Washington - Arnold Palmer, the golf great whose charisma and common touch drew a legion of fans known as "Arnie's Army" and propelled the game into the mainstream, died on Sunday at the age of 87.
"Arnold Palmer will always be a champion, in every sense of the word," the US Golf Association said in a statement mourning the death of "golf's greatest ambassador."
"He inspired generations to love golf by sharing his competitive spirit, displaying sportsmanship, caring for golfers and golf fans, and serving as a lifelong ambassador for the sport.
"The game is indeed better because of him, and in so many ways, will never be the same."
Palmer, a native of Latrobe, Pennsylvania, died at UPMC Presbyterian Hospital in Pittsburgh, where he had been since Thursday while undergoing heart tests, the Pittsburgh Post-Gazette reported.
No cause of death was immediately given.
"We just lost one of the incredible people in the game of golf and in all of sports," 18-time major champion Jack Nicklaus said.
"He has always been a fighter and he never gave up on anything. He didn't give up even now. Maybe his body did, but I know Arnold's will and spirit did not."
Palmer, known as "The King," captured seven major tournaments during his illustrious career, taking The Masters four times (in 1958, 1960, 1962 and 1964), the British Open twice (in 1961 and 1962) and the US Open once (in 1960).
His go-for-broke style enthralled fans, and he became one of golf's first television superstars, helping make the sport accessible to a much wider audience.
His rise -- along with those of Nicklaus and Gary Player - set the stage for the sport's huge broadcast rights fees and prize money riches, which were later enhanced by the success of Tiger Woods.
"Thanks Arnold for your friendship, counsel and a lot of laughs," Woods said on Twitter after news of Palmer's death. "Your philanthropy and humility are part of your legend.
"It's hard to imagine golf without you or anyone more important to the game than the King."
Palmer looked frail when he joined fellow icons Player and Nicklaus for the ceremonial first tee shot at the Masters in April.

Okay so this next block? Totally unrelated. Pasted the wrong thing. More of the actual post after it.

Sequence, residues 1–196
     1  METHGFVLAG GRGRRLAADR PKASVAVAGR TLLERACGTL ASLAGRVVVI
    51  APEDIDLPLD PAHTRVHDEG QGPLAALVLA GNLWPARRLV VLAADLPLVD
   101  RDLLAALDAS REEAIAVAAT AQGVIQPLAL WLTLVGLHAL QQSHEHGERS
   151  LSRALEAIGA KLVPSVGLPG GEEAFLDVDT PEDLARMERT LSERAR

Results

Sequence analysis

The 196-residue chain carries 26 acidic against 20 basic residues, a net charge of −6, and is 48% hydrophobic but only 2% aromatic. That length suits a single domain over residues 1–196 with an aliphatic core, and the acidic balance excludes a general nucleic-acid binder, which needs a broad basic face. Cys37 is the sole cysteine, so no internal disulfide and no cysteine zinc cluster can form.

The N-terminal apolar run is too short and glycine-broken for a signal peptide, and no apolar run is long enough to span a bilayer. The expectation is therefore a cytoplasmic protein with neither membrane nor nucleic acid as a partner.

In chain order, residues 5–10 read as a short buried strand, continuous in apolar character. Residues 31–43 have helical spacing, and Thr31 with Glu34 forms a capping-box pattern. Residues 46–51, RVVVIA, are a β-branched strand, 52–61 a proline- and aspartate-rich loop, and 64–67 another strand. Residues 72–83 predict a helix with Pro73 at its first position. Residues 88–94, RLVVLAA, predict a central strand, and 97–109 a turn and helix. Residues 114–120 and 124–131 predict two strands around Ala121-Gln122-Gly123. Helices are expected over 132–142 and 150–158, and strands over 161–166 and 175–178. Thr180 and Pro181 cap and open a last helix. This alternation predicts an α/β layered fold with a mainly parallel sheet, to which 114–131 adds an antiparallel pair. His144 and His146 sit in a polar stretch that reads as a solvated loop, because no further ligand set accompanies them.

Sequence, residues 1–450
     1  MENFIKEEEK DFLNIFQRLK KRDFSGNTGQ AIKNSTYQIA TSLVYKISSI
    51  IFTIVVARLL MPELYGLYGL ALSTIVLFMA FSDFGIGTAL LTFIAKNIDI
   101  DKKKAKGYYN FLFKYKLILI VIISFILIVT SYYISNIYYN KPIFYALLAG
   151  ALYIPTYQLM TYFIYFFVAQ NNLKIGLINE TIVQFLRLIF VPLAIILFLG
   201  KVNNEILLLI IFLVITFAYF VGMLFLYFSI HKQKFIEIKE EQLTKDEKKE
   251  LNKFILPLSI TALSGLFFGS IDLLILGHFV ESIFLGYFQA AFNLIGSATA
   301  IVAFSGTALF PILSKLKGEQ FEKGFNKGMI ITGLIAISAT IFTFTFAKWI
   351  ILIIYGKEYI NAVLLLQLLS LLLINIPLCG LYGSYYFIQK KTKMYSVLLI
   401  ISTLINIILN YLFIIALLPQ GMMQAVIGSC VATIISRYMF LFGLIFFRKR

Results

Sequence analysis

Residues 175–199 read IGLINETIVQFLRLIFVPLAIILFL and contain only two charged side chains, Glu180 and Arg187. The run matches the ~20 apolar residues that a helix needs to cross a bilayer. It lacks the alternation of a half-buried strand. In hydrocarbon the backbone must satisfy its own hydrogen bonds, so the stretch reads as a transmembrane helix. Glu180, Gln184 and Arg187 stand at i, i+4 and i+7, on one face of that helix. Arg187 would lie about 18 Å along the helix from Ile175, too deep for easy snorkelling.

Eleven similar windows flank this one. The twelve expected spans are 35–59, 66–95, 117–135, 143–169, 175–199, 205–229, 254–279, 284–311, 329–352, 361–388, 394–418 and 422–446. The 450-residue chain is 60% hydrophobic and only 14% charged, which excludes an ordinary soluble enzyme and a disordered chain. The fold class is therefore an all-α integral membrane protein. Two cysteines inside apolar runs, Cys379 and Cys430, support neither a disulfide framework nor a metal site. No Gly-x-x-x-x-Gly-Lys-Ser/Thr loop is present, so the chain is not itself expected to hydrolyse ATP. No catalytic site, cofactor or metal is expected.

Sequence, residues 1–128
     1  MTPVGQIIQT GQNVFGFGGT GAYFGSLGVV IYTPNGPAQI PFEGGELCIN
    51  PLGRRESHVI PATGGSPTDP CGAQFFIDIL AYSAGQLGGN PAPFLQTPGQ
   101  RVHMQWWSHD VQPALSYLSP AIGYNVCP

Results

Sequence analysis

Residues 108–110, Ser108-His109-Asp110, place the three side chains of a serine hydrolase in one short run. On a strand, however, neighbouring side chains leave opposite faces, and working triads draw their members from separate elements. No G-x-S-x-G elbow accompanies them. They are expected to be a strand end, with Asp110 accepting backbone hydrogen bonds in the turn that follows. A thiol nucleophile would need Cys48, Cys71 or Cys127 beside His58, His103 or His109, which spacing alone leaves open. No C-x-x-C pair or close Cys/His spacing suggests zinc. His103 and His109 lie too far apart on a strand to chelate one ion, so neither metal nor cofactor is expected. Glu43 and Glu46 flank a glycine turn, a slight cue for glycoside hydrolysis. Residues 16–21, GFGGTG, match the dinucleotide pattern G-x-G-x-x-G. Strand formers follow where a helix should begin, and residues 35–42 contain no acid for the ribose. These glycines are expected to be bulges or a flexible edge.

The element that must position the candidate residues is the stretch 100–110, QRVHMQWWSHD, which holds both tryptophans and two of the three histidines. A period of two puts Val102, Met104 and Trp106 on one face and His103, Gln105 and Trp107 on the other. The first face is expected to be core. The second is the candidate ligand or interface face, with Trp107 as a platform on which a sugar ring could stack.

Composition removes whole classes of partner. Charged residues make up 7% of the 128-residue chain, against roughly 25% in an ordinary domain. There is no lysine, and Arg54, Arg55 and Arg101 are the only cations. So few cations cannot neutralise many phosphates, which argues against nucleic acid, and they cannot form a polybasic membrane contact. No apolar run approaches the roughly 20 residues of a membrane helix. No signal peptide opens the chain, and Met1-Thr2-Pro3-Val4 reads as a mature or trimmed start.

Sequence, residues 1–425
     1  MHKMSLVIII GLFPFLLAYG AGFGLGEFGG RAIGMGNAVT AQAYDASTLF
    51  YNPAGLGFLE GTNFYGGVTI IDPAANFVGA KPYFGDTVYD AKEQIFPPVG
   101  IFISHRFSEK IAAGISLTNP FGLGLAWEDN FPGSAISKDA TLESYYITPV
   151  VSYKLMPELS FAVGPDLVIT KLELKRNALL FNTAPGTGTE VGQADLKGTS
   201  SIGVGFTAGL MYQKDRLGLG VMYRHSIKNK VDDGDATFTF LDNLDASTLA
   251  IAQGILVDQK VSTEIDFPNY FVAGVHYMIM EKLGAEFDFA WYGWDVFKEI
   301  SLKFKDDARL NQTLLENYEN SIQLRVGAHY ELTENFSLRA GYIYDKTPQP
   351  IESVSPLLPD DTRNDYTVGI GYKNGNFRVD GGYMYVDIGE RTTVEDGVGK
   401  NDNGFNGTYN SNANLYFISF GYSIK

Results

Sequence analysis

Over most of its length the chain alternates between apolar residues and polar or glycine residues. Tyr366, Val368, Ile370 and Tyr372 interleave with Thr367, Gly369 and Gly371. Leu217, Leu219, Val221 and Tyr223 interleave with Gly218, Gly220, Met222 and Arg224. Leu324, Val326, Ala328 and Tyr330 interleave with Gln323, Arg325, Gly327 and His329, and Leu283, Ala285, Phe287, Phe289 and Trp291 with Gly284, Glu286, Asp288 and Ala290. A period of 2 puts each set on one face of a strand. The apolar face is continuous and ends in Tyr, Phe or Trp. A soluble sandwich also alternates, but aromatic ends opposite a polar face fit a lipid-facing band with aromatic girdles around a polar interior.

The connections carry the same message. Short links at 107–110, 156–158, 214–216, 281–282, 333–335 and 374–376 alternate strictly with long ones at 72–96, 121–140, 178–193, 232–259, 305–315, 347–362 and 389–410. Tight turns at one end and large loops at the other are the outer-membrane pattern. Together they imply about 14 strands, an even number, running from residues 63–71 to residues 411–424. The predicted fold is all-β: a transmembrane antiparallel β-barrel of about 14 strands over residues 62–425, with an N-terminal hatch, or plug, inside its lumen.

For the first time in 10 years, he didn't swing a club, instead sitting in a chair to watch the spectacle.
In June, he elected not to travel to Oakmont, Pennsylvania, for the US Open in his home state.
Although Palmer's presence around the game had become less regular in recent years, today's young stars were aware of the iconic player's impact on their sport.
"Let's be honest, it's kind of a nerdy sport," Australia's Jason Day said this year. "Arnold Palmer made golf sexy."
Palmer, born September 10, 1929, was the son of the club professional and greens superintendent at Latrobe Country Club. Palmer started caddying at 11 and went on to work almost every job at the club.
Fans identified with his blue-collar background, and he never forgot his roots even as he piloted his own jet to charity functions and business meetings and became a friend of presidents and corporate big-wigs.
Palmer attended Wake Forest University on a golf scholarship. At age 24, he won the 1954 US Amateur at the Country Club of Detroit.
Later that year, Palmer turned pro. In a career that spanned more than six decades, he won 62 PGA Tour titles, putting him at fifth on the Tour's all-time victory rankings.
He led the PGA Tour money list four times, and was the first player to win more than $100 000 in a season.
He played on six Ryder Cup teams and was the winning captain twice.
In 1974, Palmer was one of the original inductees into the World Golf Hall of Fame.
"For all who love the game of golf and love to see it played, there has never been a sight quite like Arnold Palmer walking down the fairway toward the 18th green," said former president George W. Bush, who awarded him the Presidential Medal of Freedom in 2004.
In 2012, Palmer was awarded the Congressional Gold Medal, giving him both of the highest honours the United States can give to a civilian.